Warren Haynes: Papa’s Got a Brand New Bag
Given the breadth of his influences, the openness of his approach and the range of his musical contexts, it’s not surprising that some of the compositions that Haynes has written over the years didn’t feel suitable to any of his existing bands—until now.
Recorded on vintage equipment in a Texas studio with top-notch talent (including George Porter Jr., Ivan Neville, Ian McLagan, Raymond Weber and Ruthie Foster), the Warren Haynes Band’s Man In Motion harkens back to the soul music of Haynes’ youth. The album is exposing Haynes to some new listeners, who may have found his earlier efforts to be too loud, heavy or steeped in improv.
Still, he is quick to dismiss any notion that the album is an effort to reorient himself toward the mainstream. “I’ve been doing this too long to chase anything,” he says. “Whatever airplay I’m getting, I’m getting because people like what I’ve chosen to do and not because I’ve chosen to do something that’s similar to other things that are currently successful.
“Any time you second guess the market, it’s going to change before you know it, anyway. Soul music was my first love. Before I ever heard Cream or Jimi Hendrix, my heroes were James Brown, Wilson Pickett and Otis Redding. So it’s more of a full-circle thing for me, and there was no trying to determine whether it would be less appealing or more appealing than what I was doing. It was being able to express myself in a way that felt honest. ”
One can hear this in the editing (or lack thereof) on the tracks that Haynes and fellow producer Gordie Johnson selected for Man In Motion. “When we recorded the record, right up to the very end, we could have opted for shorter versions—less guitar solos, less jamming—but the final decision was going back to the way I felt and Gordie felt when we were kids listening to music,” offers Haynes. “You’d hear these records fade. And it seemed like just when the band started cooking, they faded out and you always wondered what happened that you didn’t get to hear. We wanted to give people the parts that they wouldn’t have gotten to hear.”
Gov’t Mule was on a predetermined hiatus for 2011—one that they discussed for a few years but postponed after bassist Jorgen Carlsson replaced Andy Hess in late 2008. In fact, Haynes cut Man in Motion immediately after By a Thread in the spring/summer of 2009 in the same Texas studio, but shelved because he felt it was important—for Mule’s longevity—to make sure that the new lineup with Carlsson gelled on the road. The Allman Brothers Band scaled back their tour itinerary, so that the members could focus on their other projects after Gregg Allman’s liver transplant limited his ability to work in 2010. 2011 would be the first time since 1994—the year that Gov’t Mule began—that Haynes didn’t log substantial time on the road with both groups.
After reviewing his tour itinerary, one might be tempted to strip him of the “Hardest Working Man” badge that the media continues to pin on him—if the very designation were not so misguided. Haynes observes, “I think way too much is made of that. Housewives work harder than me. I don’t consider what I do to be hard work. There are a lot of jobs out there where I wouldn’t last two weeks. That’s doesn’t mean I don’t give 100 percent to what I do given the conditions of my employment. There are no guarantees in any situation, but in the music business especially, you can give 110 percent and still not be successful. I think people who work hard are just reducing the odds that are against them.”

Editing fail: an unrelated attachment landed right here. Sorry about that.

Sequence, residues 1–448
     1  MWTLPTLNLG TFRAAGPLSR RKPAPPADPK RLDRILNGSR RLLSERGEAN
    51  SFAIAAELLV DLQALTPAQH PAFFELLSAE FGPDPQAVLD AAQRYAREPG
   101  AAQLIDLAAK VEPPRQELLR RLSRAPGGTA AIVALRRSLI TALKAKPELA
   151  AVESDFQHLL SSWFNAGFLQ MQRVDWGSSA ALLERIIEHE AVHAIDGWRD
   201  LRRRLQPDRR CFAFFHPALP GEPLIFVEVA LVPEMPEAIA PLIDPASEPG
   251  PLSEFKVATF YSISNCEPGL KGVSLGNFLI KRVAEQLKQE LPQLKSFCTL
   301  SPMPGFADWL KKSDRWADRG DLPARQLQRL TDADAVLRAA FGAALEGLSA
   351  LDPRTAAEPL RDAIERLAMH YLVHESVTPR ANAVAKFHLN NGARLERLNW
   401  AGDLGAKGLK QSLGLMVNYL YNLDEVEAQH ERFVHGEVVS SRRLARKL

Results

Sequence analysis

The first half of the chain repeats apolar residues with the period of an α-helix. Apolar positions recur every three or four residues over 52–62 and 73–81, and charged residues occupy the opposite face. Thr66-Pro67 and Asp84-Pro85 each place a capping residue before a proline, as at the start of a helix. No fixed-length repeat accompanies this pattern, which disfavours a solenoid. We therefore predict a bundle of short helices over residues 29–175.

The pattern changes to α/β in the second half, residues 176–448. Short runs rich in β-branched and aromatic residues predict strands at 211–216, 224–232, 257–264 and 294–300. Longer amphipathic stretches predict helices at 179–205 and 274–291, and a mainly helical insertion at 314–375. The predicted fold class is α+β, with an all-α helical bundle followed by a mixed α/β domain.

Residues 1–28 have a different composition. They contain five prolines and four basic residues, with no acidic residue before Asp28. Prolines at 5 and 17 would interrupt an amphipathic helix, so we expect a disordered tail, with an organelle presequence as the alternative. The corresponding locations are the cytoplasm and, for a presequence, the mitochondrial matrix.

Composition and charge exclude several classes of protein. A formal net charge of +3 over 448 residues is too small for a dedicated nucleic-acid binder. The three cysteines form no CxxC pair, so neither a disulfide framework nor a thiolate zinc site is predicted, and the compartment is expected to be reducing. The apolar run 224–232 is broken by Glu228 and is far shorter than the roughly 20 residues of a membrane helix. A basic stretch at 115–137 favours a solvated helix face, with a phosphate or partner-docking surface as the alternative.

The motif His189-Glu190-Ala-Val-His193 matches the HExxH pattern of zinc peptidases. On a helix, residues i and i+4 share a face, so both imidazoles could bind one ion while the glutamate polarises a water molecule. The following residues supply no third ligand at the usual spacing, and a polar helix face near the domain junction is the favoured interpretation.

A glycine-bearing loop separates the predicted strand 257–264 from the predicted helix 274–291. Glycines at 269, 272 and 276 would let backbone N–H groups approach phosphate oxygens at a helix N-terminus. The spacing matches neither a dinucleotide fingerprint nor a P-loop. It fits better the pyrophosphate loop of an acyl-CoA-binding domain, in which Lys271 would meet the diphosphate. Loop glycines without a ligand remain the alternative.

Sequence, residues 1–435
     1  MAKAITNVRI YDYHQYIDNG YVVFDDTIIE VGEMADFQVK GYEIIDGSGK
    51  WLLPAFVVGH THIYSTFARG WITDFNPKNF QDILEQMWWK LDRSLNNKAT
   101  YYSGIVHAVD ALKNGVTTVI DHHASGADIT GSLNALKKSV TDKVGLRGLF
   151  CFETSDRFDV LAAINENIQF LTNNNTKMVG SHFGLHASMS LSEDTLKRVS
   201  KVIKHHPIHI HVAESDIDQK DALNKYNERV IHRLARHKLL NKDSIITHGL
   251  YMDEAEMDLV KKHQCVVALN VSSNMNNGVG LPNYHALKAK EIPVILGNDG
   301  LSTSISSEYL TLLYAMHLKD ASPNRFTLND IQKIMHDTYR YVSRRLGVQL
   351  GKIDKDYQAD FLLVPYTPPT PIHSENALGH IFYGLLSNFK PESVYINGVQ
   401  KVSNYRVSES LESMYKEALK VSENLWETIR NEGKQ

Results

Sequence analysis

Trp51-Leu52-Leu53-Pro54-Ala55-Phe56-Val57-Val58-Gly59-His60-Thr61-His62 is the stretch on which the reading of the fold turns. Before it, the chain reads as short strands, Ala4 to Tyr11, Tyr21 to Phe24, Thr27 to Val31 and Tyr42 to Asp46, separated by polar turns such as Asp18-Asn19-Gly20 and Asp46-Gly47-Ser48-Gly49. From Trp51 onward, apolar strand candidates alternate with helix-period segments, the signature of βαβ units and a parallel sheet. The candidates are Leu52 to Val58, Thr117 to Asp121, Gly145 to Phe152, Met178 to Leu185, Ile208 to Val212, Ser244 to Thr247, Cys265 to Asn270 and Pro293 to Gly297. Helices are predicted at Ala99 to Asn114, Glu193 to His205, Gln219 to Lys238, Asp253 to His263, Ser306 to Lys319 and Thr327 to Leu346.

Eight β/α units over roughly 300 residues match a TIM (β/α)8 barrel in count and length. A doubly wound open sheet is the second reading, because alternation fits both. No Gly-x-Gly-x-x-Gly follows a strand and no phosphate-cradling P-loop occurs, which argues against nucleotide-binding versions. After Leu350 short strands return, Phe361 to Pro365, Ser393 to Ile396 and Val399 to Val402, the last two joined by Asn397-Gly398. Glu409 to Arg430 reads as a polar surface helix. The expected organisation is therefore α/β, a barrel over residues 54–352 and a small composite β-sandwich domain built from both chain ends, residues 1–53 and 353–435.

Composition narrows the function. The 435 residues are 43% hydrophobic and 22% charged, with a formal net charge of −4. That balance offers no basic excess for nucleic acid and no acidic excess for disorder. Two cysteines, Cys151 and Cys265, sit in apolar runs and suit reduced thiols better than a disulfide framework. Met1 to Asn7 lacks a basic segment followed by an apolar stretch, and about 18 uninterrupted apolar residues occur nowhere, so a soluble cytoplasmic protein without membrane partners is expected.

This work ethic has seen him bound from one musical setting to another, including a marathon day on June 29, 2002 at Deer Creek Amphitheater in Indiana when he took the stage for nearly six hours as a member of Gov’t Mule, the Allmans and Phil Lesh & Friends. More recently, on May 16, 2009, he performed with both the Allman Brothers and The Dead, who shared a bill at The Gorge in Washington state.
Throughout the years, a few critics have wondered whether his commitments to multiple groups might take a creative toll on Haynes. But he has consistently offered a contrary view and continues to do so, explaining, “I think from a learning standpoint, the inspiration factor outweighs the draining factor.”
Matt Abts echoes this sentiment. “Warren has thrived from his involvement with the Allman Brothers, the Grateful Dead and the Mule,” the drummer relays. “He understands them as different musical entities and they all require a different kind of nurturing, a different kind of stroke. I’ve learned from him that it’s a good way to not to be stuck in the same musical pool. You get other things thrown at you, and these elements can later come in to whatever you’re doing at any given time. So it’s a healthy thing for sure.”
In honor of Umphrey’s McGee’s return to Summer Camp this weekend, we present the group’s Brendan Bayliss and Jake Cinninger performing this version of “The Pequod” from UM’s Anchor Drops.
Dame shares a song from her new EP Preventions of Heartbreak.
Golden Bloom stopped by Relix to perform a tune from their latest EP No Day Like Today.
The Chapin Sisters share an tune from their new album A Date With the Everly Brothers.
Minneapolis-based Night Moves share a song from their record, Colored Emotions, live at Relix.
Cloud Cult share a song from their latest album live at Relix.
The Giving Tree Band enjoy a spring day on the Relix rooftop, while performing a classic Grateful Dead tune.
Canadian singer-songwriter Hayden performs a duet with his sister-in-law Lou Canon. The song appears on Us Alone his first record on Broken Social Scene’s Arts & Crafts Productions.
The Milk Carton Kids share the first song from their new album, The Ash & Clay.
Here is the new video from Serbian guitar ace Ana Popovic. “Object Of Obsession” appears on her latest album Can You Stand The Heat.
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